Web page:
Full-field scores from the CJ Cup

CJ Cup: Articles, photos and videos


"It was something I wanted to do. I always wanted to become World No. 1 in a week that I was playing," Koepka said Saturday. "I thought like I could really earn it and not have a week off where it just so happens that you bump up. No, it would be very special, and to do it here would be nice and hopefully get to world No. 1 and cap it off with a win, I don't think there would be much better."

It would be a fitting end to this breakthrough year for Koepka, who successfully defended his U.S. Open title and then added his third major victory at the PGA Championship en route to claiming the PGA Tour's Player of the Year Award. Oddly enough, considering his status a three-time major winner and an impending No. 1, this would be Koepka's fifth Tour victory but only his second in a non-major; his only regular Tour win to date was his first, at the 2015 Waste Management Phoenix Open.

"My confidence has always been pretty high," Koepka said. "Anytime you can win three majors you're going to be feeling pretty good about yourself. To do what I've done over the last two years has been special, but I'm looking to build on that."

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Koepka ahead by four, with No. 1 ranking in his grasp

By Nick MentaOctober 20, 2018, 5:48 am

Following a closing birdie and a third-round 67 at Nine Bridges, Brooks Koepka will take a four-shot lead over Ian Poulter and Scott Piercy into final round of the CJ Cup. Here's how Koepka separated himself from the field in South Korea.

Leaderboard: Koepka (-13), Piercy (-9), Poulter (-9), Rafa Cabrera Bello (-8), Cameron Smith (-8), Jaime Lovemark (-8), Pat Perez (-8), Gary Woodland (-8), Chez Reavie (-8)

What it means: Koepka is in search of his fifth PGA Tour victory and – believe it or not – only his second non-major. The three-time major champion’s only other win came all the way back in February 2015, at the Waste Management Phoenix Open. One off the lead to start the day, Koepka opened with eight straight pars and birdied Nos. 9 and 10 to take the outright lead at 10 under par. He added three more circles at 14, 17 and 18 to close out a bogey-free round of 5 under and go ahead by ahead by four. He'll be chased on Sunday by Piercy, a four-time PGA Tour winner who won the Zurich Classic earlier this year alongside Billy Horschel, and by Poulter, who ended a five-year worldwide winless drought back in April and is coming off a 2-2 performance at the Ryder Cup, with a Sunday singles victory over current world No. 1 Dustin Johnson. Speaking of which, unless Justin Thomas finds a way to win this tournament from 12 back, Koepka will for the first time ascend to No. 1 in the Official World Golf Ranking with a win or a solo second-place finish.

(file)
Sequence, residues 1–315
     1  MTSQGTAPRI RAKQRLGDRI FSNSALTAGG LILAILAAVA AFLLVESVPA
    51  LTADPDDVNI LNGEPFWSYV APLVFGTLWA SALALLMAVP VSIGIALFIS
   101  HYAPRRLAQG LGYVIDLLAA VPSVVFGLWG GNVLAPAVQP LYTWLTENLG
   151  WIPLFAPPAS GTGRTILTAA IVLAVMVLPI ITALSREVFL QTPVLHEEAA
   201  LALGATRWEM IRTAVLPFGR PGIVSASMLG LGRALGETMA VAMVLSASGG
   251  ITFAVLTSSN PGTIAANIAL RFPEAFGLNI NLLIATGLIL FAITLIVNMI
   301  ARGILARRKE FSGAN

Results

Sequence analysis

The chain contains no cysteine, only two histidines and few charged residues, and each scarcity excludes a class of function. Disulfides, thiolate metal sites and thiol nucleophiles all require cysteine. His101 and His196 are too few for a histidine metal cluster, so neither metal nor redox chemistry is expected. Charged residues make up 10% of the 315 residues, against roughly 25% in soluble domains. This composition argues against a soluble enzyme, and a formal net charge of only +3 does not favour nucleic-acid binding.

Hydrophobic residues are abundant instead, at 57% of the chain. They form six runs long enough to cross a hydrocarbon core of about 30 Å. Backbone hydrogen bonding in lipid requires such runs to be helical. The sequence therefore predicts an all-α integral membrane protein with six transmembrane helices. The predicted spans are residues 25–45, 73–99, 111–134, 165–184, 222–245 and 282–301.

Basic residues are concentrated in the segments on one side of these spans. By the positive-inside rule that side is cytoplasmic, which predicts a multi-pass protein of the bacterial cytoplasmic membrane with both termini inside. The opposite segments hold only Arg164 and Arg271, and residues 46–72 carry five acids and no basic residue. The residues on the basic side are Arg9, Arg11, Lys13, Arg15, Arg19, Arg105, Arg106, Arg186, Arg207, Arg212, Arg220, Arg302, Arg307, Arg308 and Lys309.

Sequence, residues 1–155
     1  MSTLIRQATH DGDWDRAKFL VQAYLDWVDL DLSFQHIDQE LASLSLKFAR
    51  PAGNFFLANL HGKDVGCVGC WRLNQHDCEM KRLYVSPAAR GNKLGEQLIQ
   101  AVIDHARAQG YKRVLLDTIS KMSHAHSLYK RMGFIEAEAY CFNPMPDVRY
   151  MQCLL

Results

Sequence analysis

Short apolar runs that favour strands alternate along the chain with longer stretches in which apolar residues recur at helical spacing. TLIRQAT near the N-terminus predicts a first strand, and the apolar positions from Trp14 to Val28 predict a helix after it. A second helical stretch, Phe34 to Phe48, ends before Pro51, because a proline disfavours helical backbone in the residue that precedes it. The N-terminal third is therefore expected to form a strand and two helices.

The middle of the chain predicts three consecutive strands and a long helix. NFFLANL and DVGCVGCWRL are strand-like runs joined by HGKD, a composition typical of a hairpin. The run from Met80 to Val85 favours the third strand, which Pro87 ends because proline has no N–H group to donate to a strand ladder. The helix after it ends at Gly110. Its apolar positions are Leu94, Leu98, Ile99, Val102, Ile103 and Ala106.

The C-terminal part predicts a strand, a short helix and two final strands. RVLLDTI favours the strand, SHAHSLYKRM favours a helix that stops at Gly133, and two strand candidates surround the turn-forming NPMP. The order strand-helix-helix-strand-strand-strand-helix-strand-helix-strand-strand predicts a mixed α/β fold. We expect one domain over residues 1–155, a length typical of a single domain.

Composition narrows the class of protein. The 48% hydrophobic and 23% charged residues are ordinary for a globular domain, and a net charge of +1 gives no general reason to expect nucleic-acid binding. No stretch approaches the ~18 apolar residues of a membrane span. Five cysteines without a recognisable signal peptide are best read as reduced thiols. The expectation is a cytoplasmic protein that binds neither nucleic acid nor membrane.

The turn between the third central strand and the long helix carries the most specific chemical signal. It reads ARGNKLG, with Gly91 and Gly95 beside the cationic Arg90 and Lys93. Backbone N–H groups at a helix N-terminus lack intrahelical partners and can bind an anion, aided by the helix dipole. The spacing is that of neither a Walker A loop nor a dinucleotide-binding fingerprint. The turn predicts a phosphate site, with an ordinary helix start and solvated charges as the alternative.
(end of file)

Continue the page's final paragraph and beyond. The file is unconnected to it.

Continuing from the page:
Round of the day: After contending last week at the CIMB, Shubankhar Sharma rebounded from opening rounds of 74 and 75 with a nine-birdie, 8-under 64 to move up 45 spots into a tie for 26th through 54 holes.

Best of the rest: Four players – Rafa Cabrera Bello, Ted Potter Jr., Jason Day and Brendan Steele – shot 7-under 65 Saturday. Day played his first four holes in 2 over and his final 14 in 9 under.

Biggest disappointment: The only previous winner of this event, world No. 4 Justin Thomas entered the week with a chance to take back the No. 1 ranking with a successful title defense. But rounds of 73-70-72 have him 1 under for the week. Thomas played his back nine in 1 over Saturday with six pars, a birdie, a quadruple bogey and a closing eagle.

Shot of the day: Koepka flying his tee shot 330 yards to the front edge of the green at the par-4 14th and going on to two-putt for birdie.